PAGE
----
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Ultra-rare disruptive and damaging mutations influence educational attainment in the general population

Abstract

Disruptive, damaging ultra-rare variants in highly constrained genes are enriched in individuals with neurodevelopmental disorders. In the general population, this class of variants was associated with a decrease in years of education (YOE). This effect was stronger among highly brain-expressed genes and explained more YOE variance than pathogenic copy number variation but less than common variants. Disruptive, damaging ultra-rare variants in highly constrained genes influence the determinants of YOE in the general population.

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Figure 1: Association between number of disruptive, damaging and synonymous URVs in HC genes and YOE.
Figure 2: Association between numbers of disruptive, damaging and synonymous URVs for different gene sets.
Figure 3: Association between each of the normalized scores (polygenic, runs of homozygosity, URVs and pathogenic CNVs) and YOE.

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Acknowledgements

We thank R. Walters for discussions. A.G. is supported by the Knut and Alice Wallenberg Foundation (2015.0327) and the Swedish Research Council (2016-00250). M.G.N. is supported by the Royal Netherlands Academy of Science Professor Award (PAH/6635) to Dorret I. Boomsma. V.S. was supported by the Finnish Foundation for Cardiovascular Research. This study was supported by grants from the National Human Genome Research Institute (U54 HG003067 and R01 HG006855); the National Institute of Mental Health (1U01MH105666-01 and 1R01MH101244-02); the National Institute of Diabetes and Digestive and Kidney Disease (1U54DK105566-02); the Stanley Center for Psychiatric Research; the Alexander and Margaret Stewart Trust; the National Institutes of Mental Health (R01 MH077139 and RC2 MH089905); the Sylvan C. Herman Foundation; EU H2020 grants 692145, 676550 and 654248; Estonian Research Council Grant IUT20-60, NIASC, EIT–Health; NIH-BMI Grant No. 2R01DK075787-06A1; and by the EU through the European Regional Development Fund (Project No. 2014-2020.4.01.15-0012 GENTRANSMED).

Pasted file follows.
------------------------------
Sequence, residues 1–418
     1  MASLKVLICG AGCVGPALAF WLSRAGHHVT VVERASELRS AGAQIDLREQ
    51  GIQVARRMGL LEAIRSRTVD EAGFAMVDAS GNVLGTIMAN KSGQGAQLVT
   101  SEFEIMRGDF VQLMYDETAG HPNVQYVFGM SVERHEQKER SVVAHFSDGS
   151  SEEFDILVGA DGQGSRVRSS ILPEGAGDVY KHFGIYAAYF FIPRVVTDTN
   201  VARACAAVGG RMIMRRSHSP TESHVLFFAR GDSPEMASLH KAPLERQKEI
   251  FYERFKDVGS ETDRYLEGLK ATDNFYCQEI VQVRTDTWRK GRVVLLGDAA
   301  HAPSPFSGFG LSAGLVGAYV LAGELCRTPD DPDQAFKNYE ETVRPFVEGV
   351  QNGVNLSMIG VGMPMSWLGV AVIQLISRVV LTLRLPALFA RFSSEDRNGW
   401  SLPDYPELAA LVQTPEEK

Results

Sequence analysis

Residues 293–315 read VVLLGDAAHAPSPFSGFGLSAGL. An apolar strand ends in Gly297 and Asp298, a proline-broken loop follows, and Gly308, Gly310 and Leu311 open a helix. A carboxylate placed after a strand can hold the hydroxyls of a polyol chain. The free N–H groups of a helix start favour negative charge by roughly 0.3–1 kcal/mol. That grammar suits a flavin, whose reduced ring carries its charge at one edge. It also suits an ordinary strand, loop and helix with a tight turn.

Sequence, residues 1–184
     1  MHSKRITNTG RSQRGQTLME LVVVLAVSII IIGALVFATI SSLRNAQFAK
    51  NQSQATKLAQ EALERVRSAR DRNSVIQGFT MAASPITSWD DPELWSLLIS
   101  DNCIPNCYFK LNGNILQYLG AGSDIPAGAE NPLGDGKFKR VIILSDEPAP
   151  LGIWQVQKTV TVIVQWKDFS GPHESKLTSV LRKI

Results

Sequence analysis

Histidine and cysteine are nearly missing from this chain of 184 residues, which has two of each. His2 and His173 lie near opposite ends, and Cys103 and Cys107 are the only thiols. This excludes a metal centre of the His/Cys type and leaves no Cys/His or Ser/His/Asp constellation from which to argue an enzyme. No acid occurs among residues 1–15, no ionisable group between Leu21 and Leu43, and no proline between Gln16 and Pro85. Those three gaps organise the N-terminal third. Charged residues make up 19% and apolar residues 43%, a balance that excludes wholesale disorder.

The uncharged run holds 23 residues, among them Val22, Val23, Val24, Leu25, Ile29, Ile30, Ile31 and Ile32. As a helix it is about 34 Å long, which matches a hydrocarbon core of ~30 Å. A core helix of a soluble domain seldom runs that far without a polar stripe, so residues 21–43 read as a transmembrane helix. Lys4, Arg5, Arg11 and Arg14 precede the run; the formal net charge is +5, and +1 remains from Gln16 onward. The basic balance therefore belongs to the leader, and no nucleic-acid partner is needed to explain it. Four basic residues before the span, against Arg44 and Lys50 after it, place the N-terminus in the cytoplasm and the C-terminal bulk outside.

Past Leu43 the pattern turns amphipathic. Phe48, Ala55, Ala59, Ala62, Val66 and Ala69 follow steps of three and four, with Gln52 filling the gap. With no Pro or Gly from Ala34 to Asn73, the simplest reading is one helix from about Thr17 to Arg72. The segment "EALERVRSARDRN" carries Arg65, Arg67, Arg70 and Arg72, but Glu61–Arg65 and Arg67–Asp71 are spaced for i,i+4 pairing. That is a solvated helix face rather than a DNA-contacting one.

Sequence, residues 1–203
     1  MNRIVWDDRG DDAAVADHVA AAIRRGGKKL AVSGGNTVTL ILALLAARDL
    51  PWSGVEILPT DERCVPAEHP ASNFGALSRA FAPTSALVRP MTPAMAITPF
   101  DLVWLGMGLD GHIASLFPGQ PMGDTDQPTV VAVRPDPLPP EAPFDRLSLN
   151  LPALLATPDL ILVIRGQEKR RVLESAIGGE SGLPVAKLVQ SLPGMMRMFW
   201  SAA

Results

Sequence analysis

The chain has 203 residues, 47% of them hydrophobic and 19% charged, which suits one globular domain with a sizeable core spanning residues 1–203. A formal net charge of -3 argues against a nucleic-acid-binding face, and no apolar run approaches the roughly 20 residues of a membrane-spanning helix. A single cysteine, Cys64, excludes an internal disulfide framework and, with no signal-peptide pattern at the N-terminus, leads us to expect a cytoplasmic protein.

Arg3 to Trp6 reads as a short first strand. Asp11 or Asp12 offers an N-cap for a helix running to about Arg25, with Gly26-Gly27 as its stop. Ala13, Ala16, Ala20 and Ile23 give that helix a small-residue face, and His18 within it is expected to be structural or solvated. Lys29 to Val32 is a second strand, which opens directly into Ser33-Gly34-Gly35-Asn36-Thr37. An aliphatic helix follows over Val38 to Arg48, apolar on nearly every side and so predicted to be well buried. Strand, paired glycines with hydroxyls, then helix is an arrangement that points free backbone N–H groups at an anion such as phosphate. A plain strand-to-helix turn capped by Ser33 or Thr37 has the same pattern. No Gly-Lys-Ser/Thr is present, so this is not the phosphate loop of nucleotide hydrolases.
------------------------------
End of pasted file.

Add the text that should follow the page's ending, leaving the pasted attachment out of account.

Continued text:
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Authors and Affiliations

Authors

Contributions

A.G. and G.G. designed the study, performed the analysis and wrote the manuscript. B.M.N. supervised the project. D.H., A. Byrnes, M.I.K., S.M.Z., C.W.W., M.K., M.G.N., P.N. and R.M. performed the analyses. A. Bloemendal, J.M.B., J.I.G., T.P., C.S. and R.E.H. developed and provided computational tools. D.G. provide data management support. E.B.R., A.M., V.S., J.S., S.M.P., P.S., S.K., M.J.D., S.A.M., P.F.S., A.P., T.E. and C.M.H. collected and provided the data.

Corresponding author

Correspondence to Andrea Ganna.

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The authors declare no competing financial interests.

Integrated supplementary information

Supplementary Figure 1 First three principal components for each study

Supplementary Figure 2 Association between disruptive, damaging and synonymous URVs and YOE in cases and controls of schizophrenia.

Similar associations are observed in cases and control of schizophrenia. Total individuals included N=14,133.

Supplementary Figure 3 Association between disruptive, damaging and synonymous URVs and YOE after excluding individuals with neurodevelopmental disorders.

Only Swedish non-schizophrenic participants are included in this analysis. Similar associations are observed once individuals with neurodevelopmental disorders are excluded.

Supplementary Figure 4 Association between disruptive and damaging URVs with YOE for different quantiles of brain gene-expression.

Only Swedish participants are included (N=10,651).

Supplementary Figure 5 Association between disruptive, damaging and synonymous URVs and YOE in highly brain-specific HC genes, sparsely brain-specific HC genes and all highly brain-specific genes.

Meta-analysis results (N=14,133).

Supplementary Figure 6 Association between polygenic score and YOE, in individuals carrying 0 or ≥1 URVs or pathogenic CNVs

Only Swedish participants are included (N=10,651).

Supplementary Figure 7 Q-Q plots for the gene-based burden test for association between disruptive and damaging variants and YOE.

Each point is a gene. Results are from meta-analysis across studies (N=14,133). In the upper panels we included only URVs, in the lower panels we included variants with minor allele frequency < 0.05%.

Supplementary information

Supplementary Text and Figures

Supplementary Figures 1–7 (PDF 1104 kb)

Supplementary Methods Checklist

(PDF 397 kb)

Supplementary Table 1

Educational attainment coding for each study (XLSX 10 kb)

Supplementary Table 2

Distribution of YOE by study, year of birth and sex (XLSX 10 kb)

Supplementary Table 3

Number and distribution of URVs by study (XLSX 10 kb)

Supplementary Table 4

Large pathogenic CNVs included in the study and number of carriers (XLSX 13 kb)

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Ganna, A., Genovese, G., Howrigan, D. et al. Ultra-rare disruptive and damaging mutations influence educational attainment in the general population. Nat Neurosci 19, 1563–1565 (2016). https://doi.org/10.1038/nn.4404

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